Fatigue, long hours, high staff turnover and unrealistic turn-around times are behind the push for a vote on protected industrial action by cabin crew at Virgin Australia, a union says.
The Transport Workers Union (TWU) says the airline workers will apply for a protected action ballot on Monday in an effort to force management to listen to their concerns.
TWU national secretary Michael Caine said on Sunday the vote comes three weeks after ground crew at Virgin applied for and were granted a protected action ballot by the Fair Work Commission.
Fatigue, long hours, high staff turnover and unrealistic turn-around times are behind the push for a vote on protected industrial action by cabin crew at Virgin Australia, a union says
Mr Caine said staff at the carrier are fed up with missing breaks or having to take on second jobs due to successive freezes on pay rises, after their loyalty through the pandemic helped the airline back into profit.
‘Owners Bain Capital have not held up their end of the bargain to correct rock-bottom pay, improve work-life balance and fix unsafe rostering,’ he said.
The union said the push for a vote on industrial action was prompted after Virgin Australia management cancelled a recent meeting where they were due to respond to workers’ demands with an updated agreement offer.
However Virgin Australia said unions had accepted its request to move the meeting by three business days to ensure there was adequate time to review and respond to the most recent claim.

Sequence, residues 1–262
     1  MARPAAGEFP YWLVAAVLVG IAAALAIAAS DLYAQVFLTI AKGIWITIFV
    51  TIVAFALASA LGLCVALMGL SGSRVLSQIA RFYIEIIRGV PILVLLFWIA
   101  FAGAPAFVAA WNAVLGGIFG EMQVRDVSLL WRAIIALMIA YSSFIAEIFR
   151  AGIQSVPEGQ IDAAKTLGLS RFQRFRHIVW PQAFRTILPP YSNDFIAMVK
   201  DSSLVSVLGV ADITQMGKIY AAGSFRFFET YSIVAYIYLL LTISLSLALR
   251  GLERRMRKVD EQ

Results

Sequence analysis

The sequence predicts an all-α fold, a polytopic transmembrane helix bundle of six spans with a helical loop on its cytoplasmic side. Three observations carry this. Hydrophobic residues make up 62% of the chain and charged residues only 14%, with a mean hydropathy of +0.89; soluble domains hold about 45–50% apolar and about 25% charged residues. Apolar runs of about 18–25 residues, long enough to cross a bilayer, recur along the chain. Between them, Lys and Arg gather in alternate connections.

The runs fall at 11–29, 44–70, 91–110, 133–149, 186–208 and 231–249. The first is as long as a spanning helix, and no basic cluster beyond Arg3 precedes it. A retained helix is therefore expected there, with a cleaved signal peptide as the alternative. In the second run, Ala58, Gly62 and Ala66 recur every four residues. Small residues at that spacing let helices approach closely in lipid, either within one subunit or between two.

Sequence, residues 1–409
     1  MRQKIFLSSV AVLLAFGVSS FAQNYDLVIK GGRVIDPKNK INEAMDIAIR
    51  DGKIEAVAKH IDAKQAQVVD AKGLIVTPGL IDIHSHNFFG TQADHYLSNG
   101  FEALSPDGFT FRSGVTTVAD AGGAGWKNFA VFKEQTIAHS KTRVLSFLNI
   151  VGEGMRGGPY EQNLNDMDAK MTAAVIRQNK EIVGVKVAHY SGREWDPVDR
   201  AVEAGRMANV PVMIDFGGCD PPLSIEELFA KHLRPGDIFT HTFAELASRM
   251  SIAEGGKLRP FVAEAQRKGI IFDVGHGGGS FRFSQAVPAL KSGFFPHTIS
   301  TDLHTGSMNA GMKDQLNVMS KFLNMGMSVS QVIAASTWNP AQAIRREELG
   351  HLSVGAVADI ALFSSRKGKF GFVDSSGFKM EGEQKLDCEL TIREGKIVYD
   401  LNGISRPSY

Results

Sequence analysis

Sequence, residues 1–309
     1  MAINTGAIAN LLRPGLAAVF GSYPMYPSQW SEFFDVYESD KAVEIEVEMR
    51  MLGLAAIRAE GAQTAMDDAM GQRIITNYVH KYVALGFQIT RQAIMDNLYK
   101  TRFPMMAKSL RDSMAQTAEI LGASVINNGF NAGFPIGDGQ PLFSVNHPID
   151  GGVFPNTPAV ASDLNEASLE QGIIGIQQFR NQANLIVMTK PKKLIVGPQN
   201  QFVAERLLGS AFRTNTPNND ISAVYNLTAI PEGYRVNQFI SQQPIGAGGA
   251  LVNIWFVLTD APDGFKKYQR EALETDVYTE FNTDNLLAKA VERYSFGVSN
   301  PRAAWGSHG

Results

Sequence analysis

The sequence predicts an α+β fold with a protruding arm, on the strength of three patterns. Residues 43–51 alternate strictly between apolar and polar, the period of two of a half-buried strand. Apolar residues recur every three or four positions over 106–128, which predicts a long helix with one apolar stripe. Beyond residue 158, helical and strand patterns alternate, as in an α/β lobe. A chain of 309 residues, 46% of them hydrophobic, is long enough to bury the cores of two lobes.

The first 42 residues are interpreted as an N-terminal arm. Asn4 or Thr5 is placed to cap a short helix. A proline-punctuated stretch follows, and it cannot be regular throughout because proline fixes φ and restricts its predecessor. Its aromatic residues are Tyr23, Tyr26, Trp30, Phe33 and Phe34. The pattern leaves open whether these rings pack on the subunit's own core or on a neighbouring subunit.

The TWU said workers insist under-staffing is leading to issues with in-flight safety, which could risk customer lives.
Mr Caine said employees at the airline were burning out.
‘Workers are utterly exhausted, with several cabin crew members reporting near-misses on their drive home from long shifts,’ he said.
‘We need to see a considerable shift in Virgin’s bargaining approach to ensure a fair, sustainable enterprise agreement offer and avoid last resort strikes.’
A Virgin Australia spokesperson said the current cabin crew agreement expired less than two weeks ago and the airline was bargaining in good faith with an intention to reach an amicable solution.
The TWU move to go to a ballot was a common part of the early process and Virgin Australia was looking forward to the next round of negotiations on November 15, the spokesperson said.
‘Virgin Australia remains confident that an amicable solution will be found,’ they said in a statement.
‘One that appropriately rewards our valued Cabin Crew and at the same time protects the underlying commercial resilience of Virgin Australia and the outstanding value and choice it provides every day to the Australian travelling public.’